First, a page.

Google’s recent launch of the world’s first Google balloon powered 4G Internet technology in Sri Lanka has revolutionized internet access especially among third world countries. This technology aims at bringing the internet to millions of citizens of poor Asian and African countries with a view to improving their lives and creating opportunities for them. In the Sri Lankan capital, Colombo, Google launched the program where thousands of young Sri Lankans gathered to witness how a balloon fitted with electronic gadgets would bring fast 4G internet access to millions of people who have cell phones and other internet enabled devices.
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The project is still in its pilot phase but it is believed that before the end of 2016, the entire island of Sri Lanka would be connected with 4G Internet access that is powered by balloon. The technology behind this balloon internet project is very simple. The balloon comprises of chips and other devices, semi conductors and components found in smartphones. The balloon itself is made of plastic material similar to those found in shops for wrapping packages and its internet coverage radius spans over 40km. The balloon flies at a height of 60,000ft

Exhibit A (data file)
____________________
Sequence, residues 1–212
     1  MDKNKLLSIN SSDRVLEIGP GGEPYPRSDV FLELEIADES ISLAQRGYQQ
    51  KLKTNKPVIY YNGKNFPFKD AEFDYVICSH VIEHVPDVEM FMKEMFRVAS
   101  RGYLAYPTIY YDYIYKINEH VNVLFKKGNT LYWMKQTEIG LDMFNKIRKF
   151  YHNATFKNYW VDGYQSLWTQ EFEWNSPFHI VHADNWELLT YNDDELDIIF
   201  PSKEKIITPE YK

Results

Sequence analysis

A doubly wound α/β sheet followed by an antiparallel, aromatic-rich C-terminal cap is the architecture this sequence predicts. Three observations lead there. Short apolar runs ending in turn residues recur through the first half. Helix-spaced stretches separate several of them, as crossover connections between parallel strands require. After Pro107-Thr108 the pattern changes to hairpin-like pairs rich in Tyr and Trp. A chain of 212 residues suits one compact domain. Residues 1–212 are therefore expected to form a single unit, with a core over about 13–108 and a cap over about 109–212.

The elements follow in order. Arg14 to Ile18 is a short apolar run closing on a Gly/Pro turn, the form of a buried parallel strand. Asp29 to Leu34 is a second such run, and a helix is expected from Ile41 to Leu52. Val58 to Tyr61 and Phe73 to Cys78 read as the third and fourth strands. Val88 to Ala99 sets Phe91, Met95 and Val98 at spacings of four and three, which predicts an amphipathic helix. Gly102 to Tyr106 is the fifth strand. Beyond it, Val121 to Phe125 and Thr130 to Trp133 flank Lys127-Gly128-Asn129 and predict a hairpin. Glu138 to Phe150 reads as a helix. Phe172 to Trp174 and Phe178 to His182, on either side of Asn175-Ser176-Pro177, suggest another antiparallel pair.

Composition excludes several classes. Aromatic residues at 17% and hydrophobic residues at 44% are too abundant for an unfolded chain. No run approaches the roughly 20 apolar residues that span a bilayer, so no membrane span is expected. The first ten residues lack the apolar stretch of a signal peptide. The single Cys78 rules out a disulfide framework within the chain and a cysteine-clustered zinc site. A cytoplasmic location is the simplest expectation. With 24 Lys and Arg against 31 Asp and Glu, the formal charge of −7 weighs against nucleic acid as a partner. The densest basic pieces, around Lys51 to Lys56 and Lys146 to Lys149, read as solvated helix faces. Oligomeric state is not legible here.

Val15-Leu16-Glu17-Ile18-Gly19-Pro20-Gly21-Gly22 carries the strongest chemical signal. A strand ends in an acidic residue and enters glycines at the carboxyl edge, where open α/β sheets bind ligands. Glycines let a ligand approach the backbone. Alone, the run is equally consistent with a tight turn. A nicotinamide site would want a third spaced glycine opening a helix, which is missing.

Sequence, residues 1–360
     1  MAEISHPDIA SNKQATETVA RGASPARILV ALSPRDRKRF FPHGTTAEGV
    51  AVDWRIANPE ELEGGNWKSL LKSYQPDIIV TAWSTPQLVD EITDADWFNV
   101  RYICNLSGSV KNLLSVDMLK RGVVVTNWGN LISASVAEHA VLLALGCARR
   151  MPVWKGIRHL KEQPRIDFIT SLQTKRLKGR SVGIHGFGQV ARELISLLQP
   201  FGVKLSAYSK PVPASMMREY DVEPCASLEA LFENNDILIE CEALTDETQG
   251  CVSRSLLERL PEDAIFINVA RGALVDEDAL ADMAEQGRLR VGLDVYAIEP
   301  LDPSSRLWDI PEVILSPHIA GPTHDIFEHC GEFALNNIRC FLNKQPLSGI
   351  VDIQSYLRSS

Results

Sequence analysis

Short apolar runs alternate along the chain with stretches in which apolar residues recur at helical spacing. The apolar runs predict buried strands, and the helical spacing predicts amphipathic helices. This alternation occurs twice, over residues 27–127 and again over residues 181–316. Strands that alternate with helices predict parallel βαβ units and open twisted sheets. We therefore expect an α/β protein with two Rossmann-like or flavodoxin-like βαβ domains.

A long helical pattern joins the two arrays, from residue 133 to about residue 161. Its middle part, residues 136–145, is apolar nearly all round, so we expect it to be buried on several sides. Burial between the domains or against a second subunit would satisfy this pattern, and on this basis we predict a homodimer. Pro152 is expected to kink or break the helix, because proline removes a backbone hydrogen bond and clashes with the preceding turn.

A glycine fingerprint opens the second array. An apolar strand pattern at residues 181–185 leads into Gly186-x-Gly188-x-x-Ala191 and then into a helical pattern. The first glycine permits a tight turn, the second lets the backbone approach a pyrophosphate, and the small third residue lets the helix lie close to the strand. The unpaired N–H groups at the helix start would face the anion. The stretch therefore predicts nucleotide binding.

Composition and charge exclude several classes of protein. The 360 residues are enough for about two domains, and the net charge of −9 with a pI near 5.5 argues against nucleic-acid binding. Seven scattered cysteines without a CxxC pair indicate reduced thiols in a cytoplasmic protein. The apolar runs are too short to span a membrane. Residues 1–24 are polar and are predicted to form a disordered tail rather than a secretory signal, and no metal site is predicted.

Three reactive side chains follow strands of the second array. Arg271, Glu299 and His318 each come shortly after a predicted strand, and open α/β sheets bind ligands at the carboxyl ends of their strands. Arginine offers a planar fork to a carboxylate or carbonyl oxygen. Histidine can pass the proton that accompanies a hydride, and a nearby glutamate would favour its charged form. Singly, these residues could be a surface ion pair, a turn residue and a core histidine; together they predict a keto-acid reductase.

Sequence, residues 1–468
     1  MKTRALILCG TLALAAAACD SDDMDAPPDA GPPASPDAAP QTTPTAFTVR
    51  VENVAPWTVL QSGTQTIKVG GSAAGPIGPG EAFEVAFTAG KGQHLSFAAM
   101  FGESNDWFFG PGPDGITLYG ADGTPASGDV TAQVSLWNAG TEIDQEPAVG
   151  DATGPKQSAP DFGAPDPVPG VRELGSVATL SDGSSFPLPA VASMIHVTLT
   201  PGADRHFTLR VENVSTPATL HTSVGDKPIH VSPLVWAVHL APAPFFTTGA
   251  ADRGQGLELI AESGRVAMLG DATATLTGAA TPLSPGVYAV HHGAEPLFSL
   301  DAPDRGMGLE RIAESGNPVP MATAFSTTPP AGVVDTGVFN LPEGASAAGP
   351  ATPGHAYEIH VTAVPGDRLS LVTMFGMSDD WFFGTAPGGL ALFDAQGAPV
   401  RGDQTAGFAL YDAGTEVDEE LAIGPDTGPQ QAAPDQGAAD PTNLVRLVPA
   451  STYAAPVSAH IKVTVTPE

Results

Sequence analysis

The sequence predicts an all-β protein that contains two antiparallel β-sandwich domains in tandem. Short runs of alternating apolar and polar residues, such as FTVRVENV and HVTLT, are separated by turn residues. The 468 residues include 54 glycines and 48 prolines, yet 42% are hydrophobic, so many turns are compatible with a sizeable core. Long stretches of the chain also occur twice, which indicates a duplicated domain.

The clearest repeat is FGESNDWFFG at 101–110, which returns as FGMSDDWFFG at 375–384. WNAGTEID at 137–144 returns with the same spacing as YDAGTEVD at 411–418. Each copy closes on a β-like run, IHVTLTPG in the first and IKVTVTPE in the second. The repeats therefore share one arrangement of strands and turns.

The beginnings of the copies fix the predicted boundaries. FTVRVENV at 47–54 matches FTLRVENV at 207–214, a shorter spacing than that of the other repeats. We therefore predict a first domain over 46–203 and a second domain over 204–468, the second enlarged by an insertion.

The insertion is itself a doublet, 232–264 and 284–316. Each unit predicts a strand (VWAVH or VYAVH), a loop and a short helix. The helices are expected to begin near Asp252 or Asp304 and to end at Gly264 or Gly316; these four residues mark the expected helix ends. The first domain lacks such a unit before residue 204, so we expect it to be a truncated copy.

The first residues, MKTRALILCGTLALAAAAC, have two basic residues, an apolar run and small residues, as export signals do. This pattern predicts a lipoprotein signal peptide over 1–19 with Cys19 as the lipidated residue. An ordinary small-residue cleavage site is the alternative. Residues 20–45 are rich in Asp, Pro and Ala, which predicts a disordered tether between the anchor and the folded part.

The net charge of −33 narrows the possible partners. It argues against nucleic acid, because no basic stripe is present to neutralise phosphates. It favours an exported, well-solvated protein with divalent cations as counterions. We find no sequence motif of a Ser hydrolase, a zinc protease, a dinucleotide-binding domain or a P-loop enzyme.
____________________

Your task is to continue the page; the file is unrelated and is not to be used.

The huge advantages of balloon internet project are simply irresistible. Firstly, the technology is cheap when compared to the traditional internet service providers. Secondly, the balloon can sent internet signals to your Smartphone even in remote areas because of the huge internet coverage area of the balloon(60,000ft). This means that people even in mountainous regions or rural areas would have access to the internet. Thirdly, it is environmentally very friendly. There are no carbon or gas emissions as a result of fuels that power base stations of ISPs across the region. The high speed 4G network of the balloon Internet project makes access to the internet fun and rewarding. Google projects the entire Island of Sri Lanka would need about 13 balloons to cover the entire country and grant high speed internet access to millions of Sri Lankans.
The project would soon reach other poor Asian countries and Africa and is expected to launch people living in these continents closer to the global village that is powered by information and communication technology.